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The Rule arises from the age-old common law presumption of innocence on the part of a person accused of a criminal offence.In its classic and most frequent application, the Rule prohibits the publication of material which is prejudicial to the chances of an accused person receiving a fair trial.
The Rule is most vigorously enforced, and its jurisprudence has primarily developed, in the context of criminal proceedings being heard or scheduled to be heard before a jury. A breach of the Rule is a strict liability criminal offence. In other words, intention to commit the offence is irrelevant. A breach can be punished by way of a fine and/or imprisonment.
There are, theoretically, no limits in respect of the level of fine or term of imprisonment that can be imposed. The Rule exists throughout the common-law world with some variations in terms of its scope. The Irish Supreme Court has described it as an area of law that is difficult to follow, “somewhat complex” and “archaic”. Conceptual difficulties with the Rule have arisen partly because the language used by the courts to describe the relevant test to determine its applicability have varied subtly over time, from case to case and judge to judge.
The test is currently settled on the issue of whether there is a “real risk”of an unfair trial following the publication in question. It is not a necessary ingredient of the offence that the publication results in any such interference. In order to preserve public confidence in the administration of justice, the Rule can be breached if there is a perception of such a risk.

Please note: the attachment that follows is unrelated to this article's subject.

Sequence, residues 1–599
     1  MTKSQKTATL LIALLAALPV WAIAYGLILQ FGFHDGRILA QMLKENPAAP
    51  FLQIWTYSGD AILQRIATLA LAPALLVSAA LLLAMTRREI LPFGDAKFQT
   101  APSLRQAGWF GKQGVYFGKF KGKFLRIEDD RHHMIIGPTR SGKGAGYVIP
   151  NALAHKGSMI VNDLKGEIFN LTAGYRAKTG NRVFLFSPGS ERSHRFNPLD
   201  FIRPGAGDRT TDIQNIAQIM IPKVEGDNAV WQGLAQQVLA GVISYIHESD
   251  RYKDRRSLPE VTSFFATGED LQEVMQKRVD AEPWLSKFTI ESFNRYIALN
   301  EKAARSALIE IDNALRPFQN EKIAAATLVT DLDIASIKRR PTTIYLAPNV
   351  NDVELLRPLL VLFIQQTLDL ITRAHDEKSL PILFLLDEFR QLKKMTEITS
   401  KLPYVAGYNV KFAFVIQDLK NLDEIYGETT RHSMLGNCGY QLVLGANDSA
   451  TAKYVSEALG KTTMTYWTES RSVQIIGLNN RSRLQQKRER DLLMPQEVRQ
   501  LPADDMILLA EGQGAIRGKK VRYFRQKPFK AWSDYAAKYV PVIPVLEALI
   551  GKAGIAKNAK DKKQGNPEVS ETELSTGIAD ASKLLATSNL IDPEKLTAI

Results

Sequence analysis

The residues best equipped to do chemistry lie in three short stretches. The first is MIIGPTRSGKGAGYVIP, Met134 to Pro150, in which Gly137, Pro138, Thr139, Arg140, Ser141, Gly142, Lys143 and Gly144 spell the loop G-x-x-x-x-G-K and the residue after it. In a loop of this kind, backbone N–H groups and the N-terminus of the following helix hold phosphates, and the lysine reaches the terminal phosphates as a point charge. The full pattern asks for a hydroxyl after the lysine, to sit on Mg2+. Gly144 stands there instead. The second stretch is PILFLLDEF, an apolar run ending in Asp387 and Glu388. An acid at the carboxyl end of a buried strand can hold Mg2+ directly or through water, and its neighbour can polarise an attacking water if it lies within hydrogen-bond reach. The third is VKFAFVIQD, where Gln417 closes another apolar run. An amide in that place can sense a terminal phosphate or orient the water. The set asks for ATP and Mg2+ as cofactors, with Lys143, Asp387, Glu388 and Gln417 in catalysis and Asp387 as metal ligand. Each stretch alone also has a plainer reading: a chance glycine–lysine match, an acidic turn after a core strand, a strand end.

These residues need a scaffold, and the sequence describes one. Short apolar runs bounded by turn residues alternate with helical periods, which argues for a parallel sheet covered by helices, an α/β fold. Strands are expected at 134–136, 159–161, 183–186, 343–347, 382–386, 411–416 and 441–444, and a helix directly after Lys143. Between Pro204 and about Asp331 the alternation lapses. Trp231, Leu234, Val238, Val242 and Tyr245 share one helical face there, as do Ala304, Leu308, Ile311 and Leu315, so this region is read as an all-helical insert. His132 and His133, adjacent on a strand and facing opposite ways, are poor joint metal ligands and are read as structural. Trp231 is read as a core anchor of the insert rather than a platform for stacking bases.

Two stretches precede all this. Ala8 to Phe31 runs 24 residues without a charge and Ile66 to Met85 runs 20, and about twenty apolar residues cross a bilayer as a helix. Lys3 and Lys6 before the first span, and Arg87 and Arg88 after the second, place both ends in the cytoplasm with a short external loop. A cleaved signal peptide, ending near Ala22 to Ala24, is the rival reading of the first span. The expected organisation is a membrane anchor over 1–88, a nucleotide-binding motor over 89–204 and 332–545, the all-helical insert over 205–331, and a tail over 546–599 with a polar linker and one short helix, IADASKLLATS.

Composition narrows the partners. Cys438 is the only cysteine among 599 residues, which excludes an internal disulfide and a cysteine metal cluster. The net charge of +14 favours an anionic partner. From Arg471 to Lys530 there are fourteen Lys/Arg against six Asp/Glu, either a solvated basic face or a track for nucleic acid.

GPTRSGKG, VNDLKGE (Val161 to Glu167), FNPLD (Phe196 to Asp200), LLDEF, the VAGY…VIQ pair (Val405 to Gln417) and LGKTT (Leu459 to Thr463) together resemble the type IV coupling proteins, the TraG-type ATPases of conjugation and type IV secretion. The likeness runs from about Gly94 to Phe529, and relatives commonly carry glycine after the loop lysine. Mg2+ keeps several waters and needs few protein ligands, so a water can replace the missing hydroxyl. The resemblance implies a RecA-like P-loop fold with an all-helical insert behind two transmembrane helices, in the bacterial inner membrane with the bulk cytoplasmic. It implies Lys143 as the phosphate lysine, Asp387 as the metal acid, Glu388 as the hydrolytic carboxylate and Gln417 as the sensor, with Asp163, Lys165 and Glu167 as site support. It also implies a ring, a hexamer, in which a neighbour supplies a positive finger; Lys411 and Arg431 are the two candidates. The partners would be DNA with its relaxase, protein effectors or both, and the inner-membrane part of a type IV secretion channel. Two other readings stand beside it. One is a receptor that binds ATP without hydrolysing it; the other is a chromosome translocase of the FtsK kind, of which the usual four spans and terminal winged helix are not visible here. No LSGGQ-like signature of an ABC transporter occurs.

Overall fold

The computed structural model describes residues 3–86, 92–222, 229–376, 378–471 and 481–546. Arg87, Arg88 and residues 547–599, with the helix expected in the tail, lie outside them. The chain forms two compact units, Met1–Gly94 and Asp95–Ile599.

A difficulty with the concept is that what one judge might consider a “real risk”, another judge might consider a “mere possibility” or “remote possibility of risk” which does not amount to contempt. The test, and its phraseology, is broadly similar throughout the common-law world and “substantial risk” appears to be interchangeable with “real risk”.
The language used to describe the Rule is somewhat ill-fitting and appears to suggest that mens rea needs to be proven to secure a conviction for such conduct (e.g. the conduct must have been ‘calculated’, ‘intended’ etc to interfere with the administration of justice). In nearly every case that one comes across, however, the publisher had no intention of deliberately interfering with the course of justice.